Hensin is a rabbit ortholog of the human DMBT1 gene, which has been implicated in the etiology of many cancer forms and in innate immune defense (
      • Takito J.
      • Yan L.
      • Ma J.
      • Hikita C.
      • Vijayakumar S.
      • Warburton D.
      • Al-Awqati Q.
      ,
      • Kang W.
      • Reid K.B.
      ,
      • Mollenhauer J.
      • Herbertz S.
      • Holmskov U.
      • Tolnay M.
      • Krebs I.
      • Merlo A.
      • Schroder H.D.
      • Maier D.
      • Breitling F.
      • Wiemann S.
      • Grone H.J.
      • Poustka A.
      ). We previously established that the extracellular matrix (ECM)
      The abbreviations used are: ECM, extracellular matrix; SRCR, scavenger receptor cysteine-rich; SID, SRCR-interspersed domain; ZP, zona pellucida; PPIase, peptidylprolyl cis-trans isomerase; CsA, cyclosporin A; Cyp, cyclophilin; LiE, 6-(3,4-dichlorophenyl)-4-(N,N-dimethylaminoethylthio)-2-phenylpyriidine; Fmoc, N-(9-fluorenyl)methoxycarbonyl; GAPDH, glyceraldehyde-3-phosphate dehydrogenase; CHAPS, 3-[(3-cholamidopropyl)dimethylammonio]-1-propanesulfonic acid; RT, reverse transcription; Ni-NTA, nickel-nitrilotriacetic acid; ANOVA, analysis of variance; HD, high density; FKBP, FK506 (tacrolimus)-binding protein.
      form of hensin induces, in a clonal cell line of rabbit kidney intercalated cells, terminal differentiation-like features including remodeling of the apical cytoskeleton, induction of apical endocytosis, and columnarization of the cell shape (
      • Takito J.
      • Yan L.
      • Ma J.
      • Hikita C.
      • Vijayakumar S.
      • Warburton D.
      • Al-Awqati Q.
      ). In addition, hensin is present in a pattern compatible with ECM deposition in the mature columnar epithelia of the intestinal villus and prostate luminal cells but not in the less differentiated epithelia of the crypt of the small intestine and basal cells of the prostate, suggesting a general role for ECM hensin in terminal differentiation of epithelia. ECM hensin is critical for the adaptation of the cortical collecting duct to metabolic acidosis, during which an increase in the number of acid-secreting α-intercalated cells is observed (
      • Schwartz G.J.
      • Tsuruoka S.
      • Vijayakumar S.
      • Petrovic S.
      • Mian A.
      • Al-Awqati Q.
      ). Hensin is a modular protein containing a signal peptide, SRCR (scavenger receptor, cysteine-rich) domains, SIDs (SRCR-interspersed domains), CUB (C1r/C1s Uegf Bmp1) domains, and a ZP (zona pellucida) domain (supplemental Fig. 1). SIDs are short (
      • Dornan J.
      • Taylor P.
      • Walkinshaw M.D.
      ,
      • Friedman J.
      • Weissman I.
      • Friedman J.
      • Alpert S.
      ,
      • Pastorino L.
      • Sun A.
      • Lu P.J.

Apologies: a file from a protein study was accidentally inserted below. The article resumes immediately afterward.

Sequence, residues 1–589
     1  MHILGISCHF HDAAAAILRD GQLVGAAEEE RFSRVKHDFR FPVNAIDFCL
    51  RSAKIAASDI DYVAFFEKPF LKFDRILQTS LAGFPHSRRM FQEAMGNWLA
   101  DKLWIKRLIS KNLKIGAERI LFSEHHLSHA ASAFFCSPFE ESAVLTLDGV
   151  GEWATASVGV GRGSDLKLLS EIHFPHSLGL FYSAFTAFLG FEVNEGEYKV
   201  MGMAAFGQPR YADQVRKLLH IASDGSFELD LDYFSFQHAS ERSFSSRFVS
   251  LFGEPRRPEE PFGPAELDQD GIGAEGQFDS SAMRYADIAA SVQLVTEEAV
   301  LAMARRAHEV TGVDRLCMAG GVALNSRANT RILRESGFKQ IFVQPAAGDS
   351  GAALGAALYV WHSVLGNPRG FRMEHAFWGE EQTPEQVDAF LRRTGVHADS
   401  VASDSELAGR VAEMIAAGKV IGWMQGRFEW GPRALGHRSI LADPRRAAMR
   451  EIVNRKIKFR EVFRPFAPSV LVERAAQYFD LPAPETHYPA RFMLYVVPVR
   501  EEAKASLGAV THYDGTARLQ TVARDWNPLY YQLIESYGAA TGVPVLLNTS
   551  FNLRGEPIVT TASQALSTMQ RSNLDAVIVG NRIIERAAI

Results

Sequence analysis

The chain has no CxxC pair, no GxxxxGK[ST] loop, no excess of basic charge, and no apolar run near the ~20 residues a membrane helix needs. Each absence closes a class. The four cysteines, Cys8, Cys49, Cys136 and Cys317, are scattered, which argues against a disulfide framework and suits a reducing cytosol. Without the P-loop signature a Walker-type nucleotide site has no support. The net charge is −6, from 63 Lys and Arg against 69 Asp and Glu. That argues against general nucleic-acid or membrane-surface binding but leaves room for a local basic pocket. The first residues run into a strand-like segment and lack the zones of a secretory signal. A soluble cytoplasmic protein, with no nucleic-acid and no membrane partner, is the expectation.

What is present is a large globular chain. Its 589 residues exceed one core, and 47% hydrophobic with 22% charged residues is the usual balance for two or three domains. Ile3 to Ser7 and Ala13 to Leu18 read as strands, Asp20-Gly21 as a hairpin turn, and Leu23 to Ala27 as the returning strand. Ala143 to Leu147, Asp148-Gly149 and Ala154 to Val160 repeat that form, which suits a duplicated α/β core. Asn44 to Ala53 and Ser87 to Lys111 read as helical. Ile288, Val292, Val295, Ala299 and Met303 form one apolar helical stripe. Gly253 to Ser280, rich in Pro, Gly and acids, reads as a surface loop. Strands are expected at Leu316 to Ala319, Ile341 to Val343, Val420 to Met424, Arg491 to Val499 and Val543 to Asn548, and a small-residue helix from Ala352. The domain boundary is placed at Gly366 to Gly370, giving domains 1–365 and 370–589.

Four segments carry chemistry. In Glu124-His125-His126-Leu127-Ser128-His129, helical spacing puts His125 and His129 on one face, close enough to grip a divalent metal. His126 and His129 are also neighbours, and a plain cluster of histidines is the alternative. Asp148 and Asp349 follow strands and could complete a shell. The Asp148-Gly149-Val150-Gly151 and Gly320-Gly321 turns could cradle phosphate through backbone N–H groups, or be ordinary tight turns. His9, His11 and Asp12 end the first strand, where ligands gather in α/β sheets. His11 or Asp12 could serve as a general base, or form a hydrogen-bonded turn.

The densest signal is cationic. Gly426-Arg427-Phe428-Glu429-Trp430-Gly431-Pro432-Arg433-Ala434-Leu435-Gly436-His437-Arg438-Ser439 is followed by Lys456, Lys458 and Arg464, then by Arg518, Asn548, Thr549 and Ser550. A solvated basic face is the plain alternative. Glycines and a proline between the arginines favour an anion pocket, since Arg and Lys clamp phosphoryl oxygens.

• Zhou X.Z.
      • Balastik M.
      • Finn G.
      • Wulf G.
      • Lim J.
      • Li S.H.
      • Li X.
      • Xia W.
      • Nicholson L.K.
      • Lu K.P.
      ,
      • Yurchenko V.
      • Zybarth G.
      • O'Connor M.
      • Dai W.W.
      • Franchin G.
      • Hao T.
      • Guo H.
      • Hung H.-C.
      • Toole B.
      • Gallay P.
      • Sherry B.
      • Bukrinsky M.
      ,
      • Wang P.
      • Heitman J.
      ,
      • Bukrinsky M.I.
      ,
      • Mi Z.
      • Oliver T.
      • Guo H.
      • Gao C.
      • Kuo P.C.
      ,
      • Yang F.
      • Robotham J.M.
      • Nelson H.B.
      • Irsigler A.
      • Kenworthy R.
      • Tang H.
      ,
      • Jin Z.-G.
      • Melaragno M.G.
      • Liao D.-F.
      • Yan C.
      • Haendeler J.
      • Suh Y.-A.
      • Lambeth J.D.
      • Berk B.C.
      ,
      • Yang H.
      • Li M.
      • Chai H.
      • Yan S.
      • Lin P.
      • Lumsden A.B.
      • Yao Q.
      • Chen C.
      ,
      • Jovine L.
      • Qi H.
      • Williams Z.
      • Litscher E.
      • Wassarman P.M.
      residues long) stretches that are rich in proline and threonine residues (
      • Mollenhauer J.
      • Muller H.
      • Kollender G.
      • Lyer S.
      • Diedrichs L.
      • Helmke B.
      • Holmskov U.
      • Ligtenberg T.
      • Herbertz S.
      • Krebs I.
      • Madsen J.
      • Bikker F.
      • Schmitt L.
      • Wiemann S.
      • Scheurlen W.
      • Otto H.F.
      • von Deimling A.
      • Poustka A.
      ). Hensin is expressed in most epithelia in various alternately spliced forms. Its deletion in mice leads to embryonic lethality at the time of generation of the first columnar epithelium, the visceral endoderm (
      • Takito J.
      • Al-Awqati Q.
      ).
      We discovered that although hensin is secreted in monomeric form in the intercalated cell line when seeded at low density, it is found in many higher order oligomeric forms in the conditioned medium of the same cell line when seeded at superconfluent density (